Featured News

15 December 2016

Physics World's choice for the 2016 Book of the Year is Why String Theory? by Joseph Conlon.

Abstract, mathematically complex and (so far) unsupported by direct experimental evidence, string theory attracts plenty of criticism. Yet it remains an incredibly active area of research, with thousands of physicists and mathematicians around the world working on strings and related ideas. The reasons for its continued popularity are eloquently presented in Joseph Conlon's book Why String Theory?

1 December 2016

Our latest Department newsletter is now available to download in PDF format here (the file may not display correctly with Firefox/Chrome pdf viewers -- in this case save it to a file and open it with e.g. Acrobat reader or Preview).

Have a look at the wide range of work that we do in front-line research, teaching, public outreach and school education.

7 November 2016

It is with great sorrow that we mourn Edmund 'Ted' Wilson, who died on November 3rd 2016 after a short illness.

Ted was born on 18 March 1938 in Liverpool, the son of school teacher John Wesley Wilson and nurse Anna Wilson. He was a great accelerator physicist and an inspired and inspiring teacher. He was an engaging and entertaining companion, being one of those people who, while being quite serious about everything, never take themselves too seriously; he lived life to the full, doing as much good as he could along the way.

25 October 2016

The early 1960s witnessed a wealth of elementary particles described in terms of simple combinations of a few more elementary units, dubbed quarks. The known mesons and baryons could all be described as states of quark-antiquark or three quarks. However, it was not understood why certain more elaborate combinations, such as (two quarks + two antiquarks) or (four quarks + one antiquark) had not been observed. It has taken nearly half a century, but these "exotic" particles are now beginning to be seen and understood.

25 October 2016

Everything around us, everything each of us has ever experienced, and virtually everything underpinning our technological society and economy is governed by quantum mechanics. Yet this most fundamental physical theory of nature often feels as if it is a set of somewhat eerie and counterintuitive ideas of no direct relevance to our lives. Why is this?

One reason is that we cannot perceive the strangeness (and astonishing beauty) of the quantum mechanical phenomena all around us by using our own senses.

25 October 2016

On September 14 2015, the two LIGO gravitational wave detectors in Hanford, Washington and Livingston, Louisiana registered a nearly simultaneous signal with time-frequency properties consistent with gravitational-wave emission by the merger of two massive compact objects. Further analysis of the signals by the LIGO Scientific Collaboration and the Virgo Collaboration revealed that the gravitational waves detected by LIGO came from the merger of a binary black hole system. This observation, followed by another one in December 2015, marked the beginning of gravitational wave astronomy.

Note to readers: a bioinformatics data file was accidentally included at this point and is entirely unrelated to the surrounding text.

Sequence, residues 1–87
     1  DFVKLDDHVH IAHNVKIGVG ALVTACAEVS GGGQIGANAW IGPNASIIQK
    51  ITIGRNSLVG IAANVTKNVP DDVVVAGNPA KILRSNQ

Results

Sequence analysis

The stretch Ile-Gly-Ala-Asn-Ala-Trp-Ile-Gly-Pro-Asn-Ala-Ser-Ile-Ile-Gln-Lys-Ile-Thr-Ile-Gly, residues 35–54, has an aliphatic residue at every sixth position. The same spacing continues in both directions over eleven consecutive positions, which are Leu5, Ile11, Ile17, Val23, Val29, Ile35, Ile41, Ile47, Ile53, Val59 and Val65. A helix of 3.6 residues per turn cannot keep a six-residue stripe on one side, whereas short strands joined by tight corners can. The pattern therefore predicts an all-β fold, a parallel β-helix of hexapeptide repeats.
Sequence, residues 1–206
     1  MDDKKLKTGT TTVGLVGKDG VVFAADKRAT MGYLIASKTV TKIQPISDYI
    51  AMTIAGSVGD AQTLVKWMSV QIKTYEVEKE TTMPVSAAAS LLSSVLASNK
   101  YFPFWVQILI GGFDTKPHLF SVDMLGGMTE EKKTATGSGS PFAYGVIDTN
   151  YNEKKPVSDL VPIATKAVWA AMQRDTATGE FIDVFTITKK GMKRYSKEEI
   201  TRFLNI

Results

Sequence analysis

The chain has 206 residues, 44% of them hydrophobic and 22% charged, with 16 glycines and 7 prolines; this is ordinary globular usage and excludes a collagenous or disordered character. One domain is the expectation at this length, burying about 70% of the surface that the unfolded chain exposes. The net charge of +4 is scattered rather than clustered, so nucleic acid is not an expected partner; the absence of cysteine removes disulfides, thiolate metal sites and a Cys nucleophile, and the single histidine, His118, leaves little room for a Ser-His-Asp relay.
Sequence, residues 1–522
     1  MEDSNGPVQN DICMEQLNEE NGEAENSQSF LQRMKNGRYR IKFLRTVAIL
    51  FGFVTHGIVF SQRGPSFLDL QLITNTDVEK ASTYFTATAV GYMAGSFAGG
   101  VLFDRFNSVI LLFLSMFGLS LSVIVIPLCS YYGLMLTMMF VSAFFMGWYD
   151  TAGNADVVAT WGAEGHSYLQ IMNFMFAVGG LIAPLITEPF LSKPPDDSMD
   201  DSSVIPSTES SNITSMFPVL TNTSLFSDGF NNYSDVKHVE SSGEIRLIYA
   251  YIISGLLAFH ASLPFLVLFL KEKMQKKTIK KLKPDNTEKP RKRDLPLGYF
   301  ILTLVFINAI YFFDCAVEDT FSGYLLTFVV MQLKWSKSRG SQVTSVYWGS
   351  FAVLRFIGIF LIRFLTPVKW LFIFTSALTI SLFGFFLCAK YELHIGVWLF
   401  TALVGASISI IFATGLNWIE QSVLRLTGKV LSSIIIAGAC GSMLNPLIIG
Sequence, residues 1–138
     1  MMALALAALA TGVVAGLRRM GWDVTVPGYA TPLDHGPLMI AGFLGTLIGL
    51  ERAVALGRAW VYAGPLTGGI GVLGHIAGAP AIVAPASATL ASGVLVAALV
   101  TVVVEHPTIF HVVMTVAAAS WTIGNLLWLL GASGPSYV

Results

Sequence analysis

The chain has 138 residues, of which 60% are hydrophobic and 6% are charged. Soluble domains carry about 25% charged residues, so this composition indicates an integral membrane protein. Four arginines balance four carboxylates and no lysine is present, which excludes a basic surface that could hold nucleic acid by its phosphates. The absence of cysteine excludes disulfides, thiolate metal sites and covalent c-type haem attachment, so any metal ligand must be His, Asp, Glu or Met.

4 October 2016

Michael Kosterlitz, who carried out his DPhil at Brasenose College between 1966 and 1969, was today named a Nobel Laureate for his pioneering work to help reveal the secrets of exotic phases of matter that were hitherto unknown.
Professor Kosterlitz, now of Brown University in the US, shared half the prize with Professor Duncan Haldane of Princeton University, USA, with the other half going to Professor David Thouless of the University of Washington, USA.

The Royal Swedish Academy of Sciences, which awards the Nobel Prize in Physics, cited the three scientists' 'theoretical discoveries of

8 September 2016

Tim Palmer was awarded an Honorary Doctorate Degree by the University of Bristol at the University Congregation on 21st July 2016. In his acceptance speech, Tim noted the important role that collaboration with scientists around Europe had played in his career. He warned of the damage that Brexit may cause in the future, in particular for UK scientists’ ability to play leadership roles in collaborative EU projects.

19 July 2016

Congratulations to Henry Snaith who has been awarded the Royal Society Kavli Medal and lecture winner 2017. This award is made for excellence in all fields of science and engineering relevant to the environment or energy. Henry receives this award for his discovery and development of highly efficient perovskite solar cells which promise to dramatically increase the efficiency and reduce the cost of solar energy.

19 July 2016

Royal Society Rosalind Franklin Award winner 2016

The Royal Society Rosalind Franklin Award 2016 is awarded to Professor Jo Dunkley for her research in the cosmic microwave background and her innovative project to support and encourage girls studying physics.

Professor Dunkley will be presented with a medal of silver gilt at the Rosalind Franklin Award Lecture in November 2016.

To read more about the award, please click here.
To read more about Prof.